An Uber attorney asked Hillsborough County to make new rules to fit the trendy ridesharing movement pioneered by his company and Lyft, but was told flatly on Wednesday that Uber is an illegal taxi service. The county’s Public Transportation Commission unanimously affirmed that an appointed officer had enough evidence to fine Uber, based in San Francisco, for providing hiring and public taxi services without proper licensing. Uber attorney Drew Sorrell held to the company’s argument that it isn’t in transportation. As a technology company, it doesn’t need to follow transportation regulations as they are written.

“There’s a perfectly good way to do this, and that is to write the rules so that they fit,” said Sorrell, of the Lowndes Drosdick Doster Kantor and Reed law firm in Orlando. “They just don’t fit here.”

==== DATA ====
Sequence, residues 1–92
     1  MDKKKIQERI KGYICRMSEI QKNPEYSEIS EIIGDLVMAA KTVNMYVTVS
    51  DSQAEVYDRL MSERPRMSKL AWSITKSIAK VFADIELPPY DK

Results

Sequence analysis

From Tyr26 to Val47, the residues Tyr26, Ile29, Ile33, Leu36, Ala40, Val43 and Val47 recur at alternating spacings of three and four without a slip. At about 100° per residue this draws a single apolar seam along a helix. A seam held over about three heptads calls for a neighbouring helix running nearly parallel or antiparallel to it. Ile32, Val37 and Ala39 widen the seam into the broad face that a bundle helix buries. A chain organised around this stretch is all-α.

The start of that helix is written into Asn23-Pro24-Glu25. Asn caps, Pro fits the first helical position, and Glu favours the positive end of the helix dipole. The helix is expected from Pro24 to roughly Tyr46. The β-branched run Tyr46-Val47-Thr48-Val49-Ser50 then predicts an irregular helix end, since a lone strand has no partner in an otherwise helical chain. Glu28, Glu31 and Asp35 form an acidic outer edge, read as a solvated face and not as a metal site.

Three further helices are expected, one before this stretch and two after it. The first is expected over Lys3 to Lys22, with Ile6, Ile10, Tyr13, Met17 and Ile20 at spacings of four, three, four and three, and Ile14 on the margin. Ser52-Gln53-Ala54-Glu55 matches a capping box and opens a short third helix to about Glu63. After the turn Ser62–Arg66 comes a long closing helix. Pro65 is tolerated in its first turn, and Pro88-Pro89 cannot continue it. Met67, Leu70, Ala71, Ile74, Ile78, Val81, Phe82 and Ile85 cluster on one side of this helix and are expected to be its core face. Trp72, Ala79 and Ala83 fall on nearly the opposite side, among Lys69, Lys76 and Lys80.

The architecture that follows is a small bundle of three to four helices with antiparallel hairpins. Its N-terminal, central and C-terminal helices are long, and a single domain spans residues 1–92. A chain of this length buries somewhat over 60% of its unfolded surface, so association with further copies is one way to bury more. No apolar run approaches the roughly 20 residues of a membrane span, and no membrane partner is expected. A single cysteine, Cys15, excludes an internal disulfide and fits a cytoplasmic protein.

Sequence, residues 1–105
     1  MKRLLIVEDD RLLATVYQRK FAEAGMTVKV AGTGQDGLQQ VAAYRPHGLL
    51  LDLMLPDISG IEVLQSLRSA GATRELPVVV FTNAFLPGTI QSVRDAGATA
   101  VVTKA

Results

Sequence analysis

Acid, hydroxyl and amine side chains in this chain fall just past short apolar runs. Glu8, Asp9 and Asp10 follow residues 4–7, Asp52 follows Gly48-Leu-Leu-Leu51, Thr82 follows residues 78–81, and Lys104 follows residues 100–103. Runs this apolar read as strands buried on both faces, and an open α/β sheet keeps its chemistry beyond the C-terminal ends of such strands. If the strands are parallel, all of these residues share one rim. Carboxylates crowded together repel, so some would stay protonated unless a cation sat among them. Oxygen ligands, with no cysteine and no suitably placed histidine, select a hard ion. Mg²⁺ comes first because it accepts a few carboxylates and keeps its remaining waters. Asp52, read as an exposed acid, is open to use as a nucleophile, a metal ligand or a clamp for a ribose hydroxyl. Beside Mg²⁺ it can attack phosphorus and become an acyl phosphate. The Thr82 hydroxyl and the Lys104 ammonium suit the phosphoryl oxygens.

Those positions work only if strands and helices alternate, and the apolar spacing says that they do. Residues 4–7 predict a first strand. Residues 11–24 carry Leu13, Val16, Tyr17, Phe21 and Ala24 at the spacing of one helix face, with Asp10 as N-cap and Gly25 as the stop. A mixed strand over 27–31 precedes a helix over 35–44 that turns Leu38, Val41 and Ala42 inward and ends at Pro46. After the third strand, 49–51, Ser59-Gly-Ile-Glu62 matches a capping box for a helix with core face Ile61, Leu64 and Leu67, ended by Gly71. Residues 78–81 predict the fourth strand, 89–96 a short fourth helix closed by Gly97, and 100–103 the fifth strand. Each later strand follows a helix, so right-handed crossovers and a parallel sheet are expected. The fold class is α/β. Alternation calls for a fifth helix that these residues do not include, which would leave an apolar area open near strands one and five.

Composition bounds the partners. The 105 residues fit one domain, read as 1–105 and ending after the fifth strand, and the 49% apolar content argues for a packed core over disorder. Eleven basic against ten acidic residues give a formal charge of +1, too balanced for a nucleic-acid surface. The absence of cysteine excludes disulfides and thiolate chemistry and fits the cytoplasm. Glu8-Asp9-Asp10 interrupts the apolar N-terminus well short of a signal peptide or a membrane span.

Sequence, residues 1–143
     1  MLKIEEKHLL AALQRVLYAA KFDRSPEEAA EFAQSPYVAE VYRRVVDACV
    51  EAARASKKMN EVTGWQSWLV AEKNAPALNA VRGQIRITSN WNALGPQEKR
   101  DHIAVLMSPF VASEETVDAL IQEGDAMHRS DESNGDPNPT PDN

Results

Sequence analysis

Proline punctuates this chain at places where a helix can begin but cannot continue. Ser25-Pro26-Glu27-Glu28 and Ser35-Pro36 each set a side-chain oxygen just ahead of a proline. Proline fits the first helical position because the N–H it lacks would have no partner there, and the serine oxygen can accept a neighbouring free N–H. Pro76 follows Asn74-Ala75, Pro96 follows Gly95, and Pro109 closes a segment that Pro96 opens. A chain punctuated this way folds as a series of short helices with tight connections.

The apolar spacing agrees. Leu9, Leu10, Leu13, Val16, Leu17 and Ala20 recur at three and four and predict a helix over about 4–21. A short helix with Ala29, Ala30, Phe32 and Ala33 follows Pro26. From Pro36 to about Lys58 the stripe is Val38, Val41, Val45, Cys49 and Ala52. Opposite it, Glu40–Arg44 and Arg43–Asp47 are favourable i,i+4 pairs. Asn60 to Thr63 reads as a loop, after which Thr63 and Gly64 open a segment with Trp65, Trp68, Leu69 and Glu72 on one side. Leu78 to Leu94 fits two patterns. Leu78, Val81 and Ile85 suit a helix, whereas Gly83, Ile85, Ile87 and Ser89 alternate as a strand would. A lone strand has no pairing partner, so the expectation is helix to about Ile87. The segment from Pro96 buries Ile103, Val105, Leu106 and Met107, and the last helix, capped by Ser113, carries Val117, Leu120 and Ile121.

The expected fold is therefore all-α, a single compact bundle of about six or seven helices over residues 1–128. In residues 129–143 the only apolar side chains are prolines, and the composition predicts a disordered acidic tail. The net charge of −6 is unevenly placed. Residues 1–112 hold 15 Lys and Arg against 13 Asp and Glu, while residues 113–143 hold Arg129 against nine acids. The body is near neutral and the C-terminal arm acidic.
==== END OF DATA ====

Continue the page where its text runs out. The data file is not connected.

A county attorney rebutted with Hillsborough’s argument that Uber has all the parts of a taxi service except that a phone replaces the traditional taxi meter. “There is no question they are transporting people in this county and profiting from it,” Rob Brazel said. The PTC says it has made efforts to bring ridesharing companies into compliance. In an interview after the meeting, Uber’s lawyer said the company has one more appeal left, which would go to an appeals court instead of the transportation commission. Uber’s Florida General Manager Matthew Gore, donning a backpack, expressed frustration with the county’s crackdown on the drivers. “I’m certainly seeing bias. The old regulations don’t address this new industry,” he said. “We need modern rules.” Terrestrial taxi companies have complained that Uber’s licensing avoidance and backing from Google has given it an unfair edge. “Uber is a taxi company, they just have an app to do what a taxi is doing,” Cab Plus Founder Brook Negusei said after the hearing. “All we are asking for is a level playing field.

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